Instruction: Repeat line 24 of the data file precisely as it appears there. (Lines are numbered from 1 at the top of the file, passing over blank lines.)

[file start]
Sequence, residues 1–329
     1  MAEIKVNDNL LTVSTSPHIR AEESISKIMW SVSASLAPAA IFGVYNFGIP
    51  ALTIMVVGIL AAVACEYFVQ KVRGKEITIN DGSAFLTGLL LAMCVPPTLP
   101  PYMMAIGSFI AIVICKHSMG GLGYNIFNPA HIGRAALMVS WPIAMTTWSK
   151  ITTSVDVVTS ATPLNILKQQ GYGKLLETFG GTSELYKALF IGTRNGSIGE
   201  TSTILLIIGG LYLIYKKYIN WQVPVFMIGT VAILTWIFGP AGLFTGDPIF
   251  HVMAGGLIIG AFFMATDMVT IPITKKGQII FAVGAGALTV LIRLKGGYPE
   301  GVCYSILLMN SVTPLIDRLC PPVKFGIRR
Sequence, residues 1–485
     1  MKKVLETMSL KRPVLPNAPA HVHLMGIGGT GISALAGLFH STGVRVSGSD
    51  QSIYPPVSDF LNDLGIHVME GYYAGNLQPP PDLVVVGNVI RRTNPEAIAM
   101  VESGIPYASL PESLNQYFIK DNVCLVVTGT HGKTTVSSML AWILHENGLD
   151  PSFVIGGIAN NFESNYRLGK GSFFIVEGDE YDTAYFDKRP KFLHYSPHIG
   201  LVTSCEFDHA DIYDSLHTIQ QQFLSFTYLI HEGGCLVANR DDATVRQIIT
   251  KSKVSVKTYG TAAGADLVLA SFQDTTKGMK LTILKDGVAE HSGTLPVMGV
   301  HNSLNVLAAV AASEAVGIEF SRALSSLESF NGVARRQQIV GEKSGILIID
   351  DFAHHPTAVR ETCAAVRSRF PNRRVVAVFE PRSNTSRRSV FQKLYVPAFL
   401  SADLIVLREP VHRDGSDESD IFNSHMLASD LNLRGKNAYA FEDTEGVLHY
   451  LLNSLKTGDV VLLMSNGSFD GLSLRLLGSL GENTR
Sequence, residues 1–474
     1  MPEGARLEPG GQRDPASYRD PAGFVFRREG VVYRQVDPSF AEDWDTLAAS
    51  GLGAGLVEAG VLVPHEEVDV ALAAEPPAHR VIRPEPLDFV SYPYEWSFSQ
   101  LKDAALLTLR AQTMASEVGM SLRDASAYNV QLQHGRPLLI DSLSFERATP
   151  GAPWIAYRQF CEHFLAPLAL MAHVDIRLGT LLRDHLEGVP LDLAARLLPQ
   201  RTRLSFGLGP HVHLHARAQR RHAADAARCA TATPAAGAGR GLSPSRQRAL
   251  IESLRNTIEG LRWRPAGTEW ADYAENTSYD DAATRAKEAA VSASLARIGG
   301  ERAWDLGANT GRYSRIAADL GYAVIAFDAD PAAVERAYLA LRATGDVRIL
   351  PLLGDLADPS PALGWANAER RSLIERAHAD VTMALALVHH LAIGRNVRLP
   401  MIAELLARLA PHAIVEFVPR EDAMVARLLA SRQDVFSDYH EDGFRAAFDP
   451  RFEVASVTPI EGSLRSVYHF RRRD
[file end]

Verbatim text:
   151  GAPWIAYRQF CEHFLAPLAL MAHVDIRLGT LLRDHLEGVP LDLAARLLPQ